The Penguin #2 review

I talk about the importance of second issues a lot and I’m going to repeat myself again. This is where a comic sells itself. A strong start is one thing but if that energy can be maintained for the second issue, I know it wasn’t a fluke and that I should keep reading. So how does The Penguin fare? Is this series a good idea after all? Let’s see!

I’m sorry to say, I was a little disappointed by this issue. Especially after how strong I felt the opening was, I’m finding this story is already breaking down and showing just why villains shouldn’t have their own titles.

The worst part is, my least favorite element of this issue is not something that could be fixed without rewriting the story and taking a completely different direction.

I’m not sure I can call him an antagonist, but the Help is at least at odds with Penguin throughout this issue and that’s almost exclusively what the story revolves around. To me, that is a mistake, especially given the execution here. I have not read Batman: Killing Time which is the story where the Help originates from and this issue takes for granted that I have. Until he is named at the end of the book, it isn’t clear who the character is. Of course, the cover promotes his return but his name is so nonspecific I didn’t realize it was referencing a person. Add to that, he has the visual appearance of an older man in a suit with no distinguishing features. The story is mostly told through the perspective of side characters, like the last issue, no one refers to him by name, and his relationship with Penguin is never made clear even in the end. Essentially, it made this issue nearly impossible to fully understand without already knowing the character. There wasn’t even an editor’s note telling me to go check out Killing Time to learn more!

This could be Lex Luthor for all I know.

Some things can be expected of a reader. For example, if you are writing a Batman comic, you can assume readers know who Batman’s most popular rogues are. There are also ways to make lesser-known concepts or characters more digestible to readers without holding their hand. There is no attempt at that here and again this character is so nondescript! Without a name, you’d never know who he was. If you look him up by name all you can find are a few sensationalist articles about him as a new villain in Killing Time. This is a character that appeared in one miniseries a year ago. You cannot expect everyone reading a Penguin comic to know about this guy. Ideally, there would be some modicum of exposition telling me who he is even if he was well known because this is the first time he has appeared in this series. But we don’t get any of this and in the end it seriously harms my enjoyment of this story.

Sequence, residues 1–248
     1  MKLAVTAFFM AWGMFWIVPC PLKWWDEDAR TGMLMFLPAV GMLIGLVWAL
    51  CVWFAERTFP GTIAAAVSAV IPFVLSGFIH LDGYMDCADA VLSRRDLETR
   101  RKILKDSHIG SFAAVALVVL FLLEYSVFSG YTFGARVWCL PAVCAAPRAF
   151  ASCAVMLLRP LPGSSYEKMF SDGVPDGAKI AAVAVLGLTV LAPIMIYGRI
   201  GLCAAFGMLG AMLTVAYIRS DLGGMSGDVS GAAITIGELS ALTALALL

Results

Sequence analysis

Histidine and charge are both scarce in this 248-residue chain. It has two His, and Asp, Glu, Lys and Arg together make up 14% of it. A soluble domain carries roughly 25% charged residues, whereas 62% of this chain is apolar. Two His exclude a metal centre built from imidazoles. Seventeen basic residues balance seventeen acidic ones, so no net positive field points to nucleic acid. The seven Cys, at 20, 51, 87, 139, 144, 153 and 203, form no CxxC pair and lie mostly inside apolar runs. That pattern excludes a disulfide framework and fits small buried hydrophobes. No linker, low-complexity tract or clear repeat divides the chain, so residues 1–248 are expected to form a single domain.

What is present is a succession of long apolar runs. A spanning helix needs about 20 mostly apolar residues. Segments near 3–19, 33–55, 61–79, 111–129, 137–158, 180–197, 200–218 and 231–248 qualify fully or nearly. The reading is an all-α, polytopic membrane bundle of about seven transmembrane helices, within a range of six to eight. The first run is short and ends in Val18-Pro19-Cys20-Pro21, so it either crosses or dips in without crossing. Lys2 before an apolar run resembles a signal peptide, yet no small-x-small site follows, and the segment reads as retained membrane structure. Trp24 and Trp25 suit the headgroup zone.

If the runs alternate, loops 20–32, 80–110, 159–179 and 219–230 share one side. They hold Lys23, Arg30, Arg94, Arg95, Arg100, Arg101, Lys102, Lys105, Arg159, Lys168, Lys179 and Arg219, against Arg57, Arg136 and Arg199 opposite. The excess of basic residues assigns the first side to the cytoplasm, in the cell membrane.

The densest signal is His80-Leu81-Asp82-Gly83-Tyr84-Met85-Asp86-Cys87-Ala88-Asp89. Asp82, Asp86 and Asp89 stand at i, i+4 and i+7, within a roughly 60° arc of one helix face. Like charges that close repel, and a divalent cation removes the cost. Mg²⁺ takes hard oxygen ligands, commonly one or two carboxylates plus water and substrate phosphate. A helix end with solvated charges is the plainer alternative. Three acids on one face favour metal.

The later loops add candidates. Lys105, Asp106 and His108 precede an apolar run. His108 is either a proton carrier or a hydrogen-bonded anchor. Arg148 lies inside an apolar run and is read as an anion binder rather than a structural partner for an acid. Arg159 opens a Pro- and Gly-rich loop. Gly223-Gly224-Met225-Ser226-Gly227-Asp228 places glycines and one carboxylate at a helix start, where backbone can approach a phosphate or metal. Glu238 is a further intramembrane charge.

This is the extent of what we learn about the Help.

Anyway, outside of that, this issue is mostly fine but it also drops all the supporting characters from last month and even the future snippets of Penguin and Batman drowning are nowhere to be found. So, there is even more of a sense that this issue isn’t effectively continuing the story that started last month. Penguin isn’t very likable in this issue and we also aren’t given any reason to sympathize with him like we were before. He has reverted to being a standard villain. I’m worried this is going to become another great example of why giving villains their own titles is a mistake. They don’t have well developed supporting casts usually and when we can’t sympathize with their motives or goals (as I couldn’t in this issue), who wants to read about them? It’s like reading only the pages in a Batman comic showing the villain scheming and skipping everything else. This doesn’t feel like a full story anymore. The last issue gave me hope that that wouldn’t be the case but here we are. Let’s hope things get back on track next month.

On the positive side, the art is still strong. Regardless of the validity of giving Penguin a series to begin with, De Latorre is a perfect choice to draw it. He brings a gritty feel to the story that is perfectly suited to comics about organized crime and the like. In particular, I love De Latorre’s use of blacks.

There is a clear intention in the placement and the contrast services the atmosphere of every scene well. The black is consistent enough to create that sense of grit throughout but it is applied to different extents to push the mood. In brighter scenes it pulls back but never so far that there is a lack of uniformity. Not only does this art feel professional but it emotes. So, wherever this comic goes story-wise, I know I can at least get behind the visual aspect.

Recommended if…

  • You’re a Batman: Killing Time fan
  • Tom King is your favorite writer
  • You relate to cut-and-dry villains


There is still enjoyment to be had with this issue and I wouldn’t call it bad, but it isn’t nearly as engaging as the first. The story assumes too much about the reader’s knowledge and even without that, Penguin as a character is significantly less likable or sympathetic, making staying engaged a hard sell. The art is still beautiful but that isn’t enough to keep me invested if the writing doesn’t get back to what worked in part one. This isn’t a good sign but I still hope that this comic justifies itself and proves this is just a bump in the road.

Score: 6/10

DISCLAIMER: DC Comics provided Batman News with a copy of this comic for the purpose of this review.